To generate income, individual investors have been hunting for undervalued or higher-risk assets, such as high-yield bond funds. The problem is that these funds sell bonds as they get close to maturity and replace them with similar bonds that will mature later. According to some financial experts, the better choice is for investors to buy individual bonds, not bond funds, and hold them to maturity when they return their face dollar amount.

In a falling interest rate environment, investors in bond funds of all maturities will see their principal increase while their yields remain at their current low historical levels. For instance, 30-year bonds are now yielding about 0.66% (as of June 2020), but investors have to assume more risk to get that yield. A few years ago, yields were in the 6% to 7% range, but the risk was comparable to today’s.  The bottom line is that investors assume more risk to get the same yields. 

Holding Bonds Is Not Risk-Free

However, owning bonds is not risk-free. Fixed-income investors should recognize that a bond fund’s total return is often attributable to capital appreciation and yield. When yields are at historic lows, capital appreciation has become the main engine for propelling bond funds higher in price.

But betting on appreciation carries enormous risks. In an article, “The Great American Bond Bubble,” Wharton Business School finance professor Jeremy Siegel and Jeremy Schwartz, director of research at WisdomTree Investments, said, “The possibility of substantial capital losses on bonds looms large. If, over the next year, 10-year interest rates rise, bondholders will suffer a capital loss equal to the current yield.”   Today, with rates around 4.4%, the capital loss can be greater than the current yield.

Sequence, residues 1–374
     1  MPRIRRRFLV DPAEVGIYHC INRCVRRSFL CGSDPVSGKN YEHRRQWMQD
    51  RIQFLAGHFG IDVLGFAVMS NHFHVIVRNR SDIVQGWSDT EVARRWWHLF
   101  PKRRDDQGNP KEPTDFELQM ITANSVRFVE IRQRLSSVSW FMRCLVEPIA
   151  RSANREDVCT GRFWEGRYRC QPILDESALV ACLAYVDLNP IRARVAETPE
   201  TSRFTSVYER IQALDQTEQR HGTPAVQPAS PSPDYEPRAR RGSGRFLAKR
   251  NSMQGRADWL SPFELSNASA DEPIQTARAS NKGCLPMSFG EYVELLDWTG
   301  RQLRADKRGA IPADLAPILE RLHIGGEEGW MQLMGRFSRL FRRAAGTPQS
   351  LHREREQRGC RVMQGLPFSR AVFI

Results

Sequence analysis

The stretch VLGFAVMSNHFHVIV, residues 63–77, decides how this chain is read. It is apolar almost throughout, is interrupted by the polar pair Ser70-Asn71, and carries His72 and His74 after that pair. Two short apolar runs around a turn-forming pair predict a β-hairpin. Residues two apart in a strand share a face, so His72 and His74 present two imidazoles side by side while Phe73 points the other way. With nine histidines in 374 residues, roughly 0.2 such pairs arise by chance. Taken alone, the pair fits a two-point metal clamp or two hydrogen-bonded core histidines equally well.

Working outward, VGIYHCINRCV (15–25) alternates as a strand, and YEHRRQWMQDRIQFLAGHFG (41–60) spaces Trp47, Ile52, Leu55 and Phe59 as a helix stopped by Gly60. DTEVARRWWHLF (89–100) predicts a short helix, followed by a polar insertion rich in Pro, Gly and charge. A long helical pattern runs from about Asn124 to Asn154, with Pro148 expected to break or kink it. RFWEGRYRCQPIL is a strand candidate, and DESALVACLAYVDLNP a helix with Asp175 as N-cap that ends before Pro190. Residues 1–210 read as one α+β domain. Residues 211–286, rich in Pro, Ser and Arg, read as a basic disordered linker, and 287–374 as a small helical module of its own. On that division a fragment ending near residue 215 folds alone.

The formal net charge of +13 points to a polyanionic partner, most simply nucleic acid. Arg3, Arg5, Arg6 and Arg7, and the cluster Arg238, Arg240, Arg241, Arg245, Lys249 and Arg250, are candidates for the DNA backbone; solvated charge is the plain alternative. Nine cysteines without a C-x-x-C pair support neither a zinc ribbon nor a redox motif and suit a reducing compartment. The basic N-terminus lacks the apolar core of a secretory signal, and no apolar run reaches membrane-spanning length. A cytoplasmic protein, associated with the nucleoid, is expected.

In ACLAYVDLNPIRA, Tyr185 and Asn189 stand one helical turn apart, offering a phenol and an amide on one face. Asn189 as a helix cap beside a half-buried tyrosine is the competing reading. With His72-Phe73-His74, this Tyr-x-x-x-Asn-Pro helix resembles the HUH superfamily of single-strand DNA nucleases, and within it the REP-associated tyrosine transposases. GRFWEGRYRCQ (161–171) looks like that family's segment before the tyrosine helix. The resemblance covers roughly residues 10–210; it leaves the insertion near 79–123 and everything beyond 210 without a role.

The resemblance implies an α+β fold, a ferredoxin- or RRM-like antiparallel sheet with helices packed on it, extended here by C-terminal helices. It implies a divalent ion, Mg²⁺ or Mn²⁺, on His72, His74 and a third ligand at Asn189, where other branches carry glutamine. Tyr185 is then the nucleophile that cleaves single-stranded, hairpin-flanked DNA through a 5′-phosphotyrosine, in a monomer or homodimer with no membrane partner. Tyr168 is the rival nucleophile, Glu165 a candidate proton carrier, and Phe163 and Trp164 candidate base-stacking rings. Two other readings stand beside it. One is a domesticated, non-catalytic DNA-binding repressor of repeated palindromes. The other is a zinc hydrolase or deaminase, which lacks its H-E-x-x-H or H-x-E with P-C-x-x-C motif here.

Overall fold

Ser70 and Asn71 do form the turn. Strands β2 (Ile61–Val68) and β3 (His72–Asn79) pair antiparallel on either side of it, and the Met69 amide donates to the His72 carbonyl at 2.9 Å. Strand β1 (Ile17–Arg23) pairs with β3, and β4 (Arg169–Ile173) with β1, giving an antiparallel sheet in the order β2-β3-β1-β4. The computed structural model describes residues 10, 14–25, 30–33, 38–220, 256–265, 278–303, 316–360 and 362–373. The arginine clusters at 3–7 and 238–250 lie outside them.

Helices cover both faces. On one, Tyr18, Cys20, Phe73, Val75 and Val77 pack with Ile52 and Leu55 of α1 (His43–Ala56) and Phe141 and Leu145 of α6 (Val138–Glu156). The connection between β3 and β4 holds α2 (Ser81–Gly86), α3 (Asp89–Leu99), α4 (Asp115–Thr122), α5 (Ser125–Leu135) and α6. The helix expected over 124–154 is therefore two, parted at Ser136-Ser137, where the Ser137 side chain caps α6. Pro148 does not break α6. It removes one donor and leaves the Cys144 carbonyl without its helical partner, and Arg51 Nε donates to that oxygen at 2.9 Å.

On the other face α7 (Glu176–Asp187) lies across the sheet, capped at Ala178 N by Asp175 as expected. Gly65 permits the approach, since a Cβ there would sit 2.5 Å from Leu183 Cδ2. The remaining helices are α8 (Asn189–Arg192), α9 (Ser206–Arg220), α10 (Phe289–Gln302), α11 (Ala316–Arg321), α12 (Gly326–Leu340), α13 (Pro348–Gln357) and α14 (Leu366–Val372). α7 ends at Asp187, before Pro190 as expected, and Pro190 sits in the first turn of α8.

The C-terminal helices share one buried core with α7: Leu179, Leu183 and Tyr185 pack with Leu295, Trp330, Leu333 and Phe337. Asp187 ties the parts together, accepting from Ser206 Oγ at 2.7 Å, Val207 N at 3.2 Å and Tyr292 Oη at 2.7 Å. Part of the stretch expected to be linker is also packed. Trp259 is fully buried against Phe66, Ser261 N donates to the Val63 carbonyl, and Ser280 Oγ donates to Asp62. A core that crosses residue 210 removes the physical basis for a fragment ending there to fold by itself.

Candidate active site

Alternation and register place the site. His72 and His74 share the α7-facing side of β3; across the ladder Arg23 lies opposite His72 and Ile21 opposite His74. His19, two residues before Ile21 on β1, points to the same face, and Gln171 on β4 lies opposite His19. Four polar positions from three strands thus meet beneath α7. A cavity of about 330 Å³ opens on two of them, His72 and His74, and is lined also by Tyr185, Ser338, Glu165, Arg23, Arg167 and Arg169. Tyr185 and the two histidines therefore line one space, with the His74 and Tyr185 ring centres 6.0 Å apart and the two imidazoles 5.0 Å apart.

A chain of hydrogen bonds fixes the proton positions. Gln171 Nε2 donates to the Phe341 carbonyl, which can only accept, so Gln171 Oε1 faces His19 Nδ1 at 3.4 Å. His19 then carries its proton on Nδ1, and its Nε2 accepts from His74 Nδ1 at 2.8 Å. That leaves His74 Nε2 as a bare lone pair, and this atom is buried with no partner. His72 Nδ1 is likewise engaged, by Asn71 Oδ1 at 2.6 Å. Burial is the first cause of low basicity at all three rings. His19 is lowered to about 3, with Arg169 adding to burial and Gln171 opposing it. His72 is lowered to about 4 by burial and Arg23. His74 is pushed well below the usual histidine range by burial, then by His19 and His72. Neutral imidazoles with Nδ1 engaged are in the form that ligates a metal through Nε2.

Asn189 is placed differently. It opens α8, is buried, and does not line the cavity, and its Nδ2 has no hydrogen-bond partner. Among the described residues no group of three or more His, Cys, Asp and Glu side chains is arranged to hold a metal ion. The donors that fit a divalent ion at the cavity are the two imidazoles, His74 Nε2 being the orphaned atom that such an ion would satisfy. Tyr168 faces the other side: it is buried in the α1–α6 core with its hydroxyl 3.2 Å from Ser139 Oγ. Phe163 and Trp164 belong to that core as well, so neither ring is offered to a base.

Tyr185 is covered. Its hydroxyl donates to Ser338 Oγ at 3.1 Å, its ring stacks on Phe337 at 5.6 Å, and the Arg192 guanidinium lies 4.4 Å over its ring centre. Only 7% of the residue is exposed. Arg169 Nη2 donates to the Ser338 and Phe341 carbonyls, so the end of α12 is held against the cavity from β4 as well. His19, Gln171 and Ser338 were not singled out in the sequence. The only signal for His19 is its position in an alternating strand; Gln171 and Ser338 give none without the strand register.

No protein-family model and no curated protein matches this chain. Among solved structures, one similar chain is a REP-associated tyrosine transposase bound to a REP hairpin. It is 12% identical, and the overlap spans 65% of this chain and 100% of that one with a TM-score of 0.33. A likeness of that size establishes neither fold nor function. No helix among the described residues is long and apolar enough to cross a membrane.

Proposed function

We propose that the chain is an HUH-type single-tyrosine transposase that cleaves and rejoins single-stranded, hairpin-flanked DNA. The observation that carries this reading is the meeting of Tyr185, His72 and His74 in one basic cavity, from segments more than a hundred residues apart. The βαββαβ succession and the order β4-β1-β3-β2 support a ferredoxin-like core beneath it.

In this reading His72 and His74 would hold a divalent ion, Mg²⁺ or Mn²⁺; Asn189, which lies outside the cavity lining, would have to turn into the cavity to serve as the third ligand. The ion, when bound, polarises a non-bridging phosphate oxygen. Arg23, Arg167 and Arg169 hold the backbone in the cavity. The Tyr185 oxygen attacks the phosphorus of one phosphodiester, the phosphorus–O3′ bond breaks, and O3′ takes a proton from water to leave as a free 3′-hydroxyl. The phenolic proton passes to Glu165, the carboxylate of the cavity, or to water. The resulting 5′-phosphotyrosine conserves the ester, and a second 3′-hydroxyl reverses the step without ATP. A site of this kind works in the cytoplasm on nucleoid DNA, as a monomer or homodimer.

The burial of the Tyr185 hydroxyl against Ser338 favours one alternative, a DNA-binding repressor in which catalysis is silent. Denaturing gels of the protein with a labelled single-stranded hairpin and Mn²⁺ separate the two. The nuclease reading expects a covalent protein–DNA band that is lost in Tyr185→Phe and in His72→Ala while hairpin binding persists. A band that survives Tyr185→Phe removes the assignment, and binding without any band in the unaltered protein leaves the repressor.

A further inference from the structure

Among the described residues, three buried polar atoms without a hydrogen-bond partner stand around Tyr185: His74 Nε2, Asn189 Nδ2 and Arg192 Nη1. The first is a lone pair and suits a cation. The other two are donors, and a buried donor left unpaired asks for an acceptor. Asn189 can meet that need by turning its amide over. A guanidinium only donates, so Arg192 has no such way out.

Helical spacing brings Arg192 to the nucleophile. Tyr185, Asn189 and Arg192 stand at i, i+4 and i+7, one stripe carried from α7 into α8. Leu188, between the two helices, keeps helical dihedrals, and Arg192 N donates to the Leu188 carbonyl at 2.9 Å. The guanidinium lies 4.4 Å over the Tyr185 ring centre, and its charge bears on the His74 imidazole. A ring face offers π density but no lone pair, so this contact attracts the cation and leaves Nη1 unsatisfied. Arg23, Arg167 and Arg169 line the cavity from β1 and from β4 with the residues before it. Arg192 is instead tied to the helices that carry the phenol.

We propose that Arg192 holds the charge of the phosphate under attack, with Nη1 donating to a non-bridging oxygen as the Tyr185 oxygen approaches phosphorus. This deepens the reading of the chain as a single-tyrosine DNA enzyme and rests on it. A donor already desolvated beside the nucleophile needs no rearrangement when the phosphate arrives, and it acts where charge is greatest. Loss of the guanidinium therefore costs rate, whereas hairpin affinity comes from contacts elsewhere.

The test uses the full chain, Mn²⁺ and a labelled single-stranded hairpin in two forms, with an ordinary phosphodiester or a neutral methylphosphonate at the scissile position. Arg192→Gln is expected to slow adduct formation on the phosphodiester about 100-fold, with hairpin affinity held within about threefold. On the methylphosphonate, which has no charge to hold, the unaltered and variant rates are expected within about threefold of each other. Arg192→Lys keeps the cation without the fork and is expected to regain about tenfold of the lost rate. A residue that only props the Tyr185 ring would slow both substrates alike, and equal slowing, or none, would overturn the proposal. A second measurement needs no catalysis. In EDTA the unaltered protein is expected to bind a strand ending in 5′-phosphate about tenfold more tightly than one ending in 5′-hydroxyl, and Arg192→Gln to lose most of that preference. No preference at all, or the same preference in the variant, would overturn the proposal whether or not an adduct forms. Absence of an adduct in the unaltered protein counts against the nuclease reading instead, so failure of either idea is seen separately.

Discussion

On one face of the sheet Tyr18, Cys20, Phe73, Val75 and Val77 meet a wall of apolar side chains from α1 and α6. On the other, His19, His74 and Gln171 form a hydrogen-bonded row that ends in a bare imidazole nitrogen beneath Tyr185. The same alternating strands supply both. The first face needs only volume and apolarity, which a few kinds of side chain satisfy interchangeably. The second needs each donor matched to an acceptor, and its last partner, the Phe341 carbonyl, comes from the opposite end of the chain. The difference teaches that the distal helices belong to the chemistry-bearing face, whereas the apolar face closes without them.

However, since many individual investors do not buy individual bonds, they should diversify across the fixed-income investment category to include high-yield, corporate, municipal, and international bond funds. 

In the short term, many government bond funds have negative yields because management fees are eroding them. In these situations, investors may be better off in a money market fund yielding 0% or 0.05%. This is a dilemma for investors who do not have many choices at either end of the maturity spectrum. 

Yet for those who have reduced their equity exposure in favor of U.S. Treasuries, consider this: Over the long term, Government bond returns have delivered an average return adjusted for inflation of around 4%. To generate significant income at these rates, an investor must invest multi-millions of dollars in U.S. Treasuries. 

Bonds Belong in Every Portfolio 

Bonds come in many maturities, qualities, risk levels, prices, and types of issuers. Government bonds can provide capital preservation, regular income, stability, and tax benefits. Bond funds and ETFs offer packages of bond exposures in a single investment that can provide portfolio diversification and a higher level of professional investment management than if you managed a bond portfolio yourself. When added to any portfolio, bonds can offer more diversification into investments with very different characteristics than equities. As a result, investors should take the time to learn how bonds can supplement any portfolio in the short- and long term.